11 August, 2012


Crowdfunding has certainly enjoyed a bit of time in the sun recently. While the idea has been around for quite some time (think of charity drives - they're essentially a giant crowdfund initiative to fund something with a massive budget), it's only really recently with the rise of social media that they've kicked off as a popular way of raising money.

They're used for many things - the arts, charitable works, startup funds (or top up funds) for profit-driven entities.

As anyone who has used one of the popular crowdfunding websites (Kickstarter or Pozible, for example) knows, usually what is offered in return for the funding is a reward. These rewards usually increase on a sliding scale - the bigger the investment by the user, the bigger return they should see once the funds are raised and used.

And this, I think, is key.

I've been quietly watching a story unfold in the Australian knitting world. Without going into too much detail, people who invested through the crowd fund are being told (by the person who was raising this money) that they weren't investing in a business venture, but an idea. That because of this they have no right to complain that they haven't received their finished product, even when the finished product was being sold to the public at a recent agricultural show. They're being told that they have no recourse to complain to the site that hosted the crowd fund.

Well, I can't speak for those affected, but I can say for sure that I would be pretty peeved if I was in that situation.

It has certainly gotten me thinking about the risks of crowdfunding. As a user investing into someone's idea, you'd have to assume that they'd created a comprehensive plan, had costed everything out and had determined that they were capable of running/producing/doing whatever they're promising. It's worrying that it appears that there are people out there seeking money for ventures without having put the idea through what I would call an appropriate amount of scrutiny.

At the same time, I don't want to hold back from putting money into a crowd fund for a reason or product I believe in... (hah, fencesitter much!)

Does anyone have any ideas on how to handle this sort of thing?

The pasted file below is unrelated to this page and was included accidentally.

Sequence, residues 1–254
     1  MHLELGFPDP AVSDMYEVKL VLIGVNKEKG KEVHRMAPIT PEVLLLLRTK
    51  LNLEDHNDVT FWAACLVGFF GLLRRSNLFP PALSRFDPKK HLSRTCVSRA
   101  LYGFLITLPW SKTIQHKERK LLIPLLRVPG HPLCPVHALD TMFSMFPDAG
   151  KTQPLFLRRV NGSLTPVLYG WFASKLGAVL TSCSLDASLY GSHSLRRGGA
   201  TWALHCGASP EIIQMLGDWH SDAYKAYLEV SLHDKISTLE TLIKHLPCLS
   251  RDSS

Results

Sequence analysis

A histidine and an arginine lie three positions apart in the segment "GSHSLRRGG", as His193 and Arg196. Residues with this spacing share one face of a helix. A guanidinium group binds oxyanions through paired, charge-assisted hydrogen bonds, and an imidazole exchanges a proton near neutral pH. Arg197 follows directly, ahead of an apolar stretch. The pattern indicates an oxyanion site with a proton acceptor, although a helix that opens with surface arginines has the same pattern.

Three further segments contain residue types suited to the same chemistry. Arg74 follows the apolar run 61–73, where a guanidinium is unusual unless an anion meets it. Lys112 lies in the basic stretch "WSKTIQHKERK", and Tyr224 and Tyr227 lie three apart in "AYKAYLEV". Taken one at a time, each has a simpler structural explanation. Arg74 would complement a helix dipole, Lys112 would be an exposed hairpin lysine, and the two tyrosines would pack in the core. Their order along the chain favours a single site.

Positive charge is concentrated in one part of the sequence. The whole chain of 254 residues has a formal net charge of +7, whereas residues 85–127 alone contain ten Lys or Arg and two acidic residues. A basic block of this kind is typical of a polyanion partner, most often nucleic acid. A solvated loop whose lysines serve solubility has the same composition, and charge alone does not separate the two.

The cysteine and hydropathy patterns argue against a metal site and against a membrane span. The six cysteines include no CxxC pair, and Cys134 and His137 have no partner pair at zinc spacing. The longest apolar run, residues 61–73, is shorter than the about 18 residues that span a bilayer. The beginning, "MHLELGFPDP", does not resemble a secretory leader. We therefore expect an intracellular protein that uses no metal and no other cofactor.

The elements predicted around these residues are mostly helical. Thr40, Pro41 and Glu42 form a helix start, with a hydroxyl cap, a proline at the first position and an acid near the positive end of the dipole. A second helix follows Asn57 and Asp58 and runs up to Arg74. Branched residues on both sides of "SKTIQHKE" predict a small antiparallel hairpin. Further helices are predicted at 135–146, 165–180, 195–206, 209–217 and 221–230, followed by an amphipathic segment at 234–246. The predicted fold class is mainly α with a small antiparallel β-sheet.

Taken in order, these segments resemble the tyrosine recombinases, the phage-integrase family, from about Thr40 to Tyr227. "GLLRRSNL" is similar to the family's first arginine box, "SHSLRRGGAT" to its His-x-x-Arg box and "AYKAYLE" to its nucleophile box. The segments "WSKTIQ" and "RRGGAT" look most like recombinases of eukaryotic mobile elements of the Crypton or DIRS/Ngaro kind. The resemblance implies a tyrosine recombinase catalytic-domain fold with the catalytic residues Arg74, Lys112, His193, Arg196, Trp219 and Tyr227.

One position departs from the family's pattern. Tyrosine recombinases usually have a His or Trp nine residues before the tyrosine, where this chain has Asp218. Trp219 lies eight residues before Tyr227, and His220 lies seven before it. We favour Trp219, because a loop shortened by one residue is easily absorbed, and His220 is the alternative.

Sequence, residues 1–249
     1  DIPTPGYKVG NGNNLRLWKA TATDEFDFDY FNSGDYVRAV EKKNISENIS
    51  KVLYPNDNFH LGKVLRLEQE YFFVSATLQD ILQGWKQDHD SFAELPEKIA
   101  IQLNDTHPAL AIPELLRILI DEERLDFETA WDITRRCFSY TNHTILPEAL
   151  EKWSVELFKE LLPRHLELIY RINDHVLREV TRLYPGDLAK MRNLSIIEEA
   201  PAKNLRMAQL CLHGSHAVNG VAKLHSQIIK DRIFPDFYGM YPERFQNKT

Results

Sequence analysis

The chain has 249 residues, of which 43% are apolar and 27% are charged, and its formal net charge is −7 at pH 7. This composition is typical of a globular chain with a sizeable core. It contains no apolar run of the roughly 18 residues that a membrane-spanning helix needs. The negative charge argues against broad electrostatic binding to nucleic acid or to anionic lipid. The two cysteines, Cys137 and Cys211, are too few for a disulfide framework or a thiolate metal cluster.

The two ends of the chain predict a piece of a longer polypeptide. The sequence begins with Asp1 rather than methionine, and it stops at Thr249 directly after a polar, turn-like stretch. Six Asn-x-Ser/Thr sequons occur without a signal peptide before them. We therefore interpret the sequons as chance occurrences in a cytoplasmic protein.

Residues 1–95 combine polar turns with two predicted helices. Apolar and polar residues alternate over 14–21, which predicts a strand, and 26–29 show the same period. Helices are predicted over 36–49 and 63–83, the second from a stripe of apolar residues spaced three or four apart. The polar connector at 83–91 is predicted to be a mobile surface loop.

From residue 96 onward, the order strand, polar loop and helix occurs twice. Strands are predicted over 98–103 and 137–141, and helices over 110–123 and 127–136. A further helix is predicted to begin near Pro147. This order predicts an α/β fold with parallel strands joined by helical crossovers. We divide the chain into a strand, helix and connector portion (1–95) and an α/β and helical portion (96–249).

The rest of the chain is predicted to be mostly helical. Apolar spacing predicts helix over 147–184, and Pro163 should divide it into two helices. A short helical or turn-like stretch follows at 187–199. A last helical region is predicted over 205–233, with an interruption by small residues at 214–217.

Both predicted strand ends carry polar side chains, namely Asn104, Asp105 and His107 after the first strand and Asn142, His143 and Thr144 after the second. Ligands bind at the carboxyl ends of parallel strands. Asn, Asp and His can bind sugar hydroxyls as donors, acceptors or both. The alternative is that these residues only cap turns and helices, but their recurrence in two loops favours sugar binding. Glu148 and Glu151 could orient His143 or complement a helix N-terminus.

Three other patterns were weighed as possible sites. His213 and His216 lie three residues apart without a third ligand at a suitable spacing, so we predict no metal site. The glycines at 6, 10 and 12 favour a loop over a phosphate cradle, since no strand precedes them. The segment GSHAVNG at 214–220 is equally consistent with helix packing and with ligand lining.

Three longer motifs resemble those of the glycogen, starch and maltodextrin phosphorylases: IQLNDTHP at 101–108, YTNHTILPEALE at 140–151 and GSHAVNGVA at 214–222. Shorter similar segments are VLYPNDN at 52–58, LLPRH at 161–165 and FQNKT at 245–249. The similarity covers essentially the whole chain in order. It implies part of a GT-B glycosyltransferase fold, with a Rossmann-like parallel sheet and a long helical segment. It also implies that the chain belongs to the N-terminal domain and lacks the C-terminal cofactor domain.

01 August, 2012

Olympians, Women and Internet Trolls

*WARNING WARNING WARNING* Angry McRantyPants post ahead.

Important lesson: Don't insult an Olympic diver on Twitter. You'll end up on the news and get arrested.

funny facebook fails - ROFLympics 2012: People are Horrible

Yes, after that charming exchange above (which is pretty tame by troll standards, even though it is still abhorrent), that teenager found himself arrested.

Good? Yes. About time? Sure. Make threats on the internet, and you should be prepared to face the consequences. (Let's overlook the fact that there doesn't appear to be much of a threat made in those tweets though, okay?)

How many women (or indeed other men) have been abused and threatened over the internet? I'd hazard a guess and say millions. How many of those have had actual threats of violence and death made against them, simply because they exist? Too many.

Kathy Sierra stopped blogging, tweeting and doing public speaking events because of threats of violence against her. This New Statesman article outlines the experiences of several female bloggers, not all of a unanimous opinion, but all sharing in common the threats of death, rape and violence against them. One that struck me the most was Dawn Foster's account:

The emails rarely mentioned the topic at hand: instead they focussed on my age, used phrases like "little girl", described rape fantasies involving me and called me "ugly" and "disgusting". Initially it was shocking: in the space of a week, I received a rabid email that included my home address, phone number and workplace address, included as a kind of threat. Then, after tweeting that I'd been waiting for a night bus for ages, someone replied that they hoped I'd get raped at the bus stop.

Slightly more explicitly threatening than "your just a diver anyway a over hyped prick", right? It's certainly the kind of threat that I would hope the police would take note of, and possibly even make arrests over if it was made towards me.

But then, I guess the countless bloggers, columnists and journalists who get threatened in this sort of way aren't a famous diver whose father died recently. Who also has a massive following on Twitter.

Will this latest troll arrest make a dent in the threats posted by trolls on the internet? We can only hope so. Somehow though, I don't think it's going to make much difference to many out there who continue to get abuse over the net. What do you think?

The full content of the article referred to in my reference to Kathy Sierra above can be found here.
Another good article for anyone interested in reading further about this topic is located at The Guardian.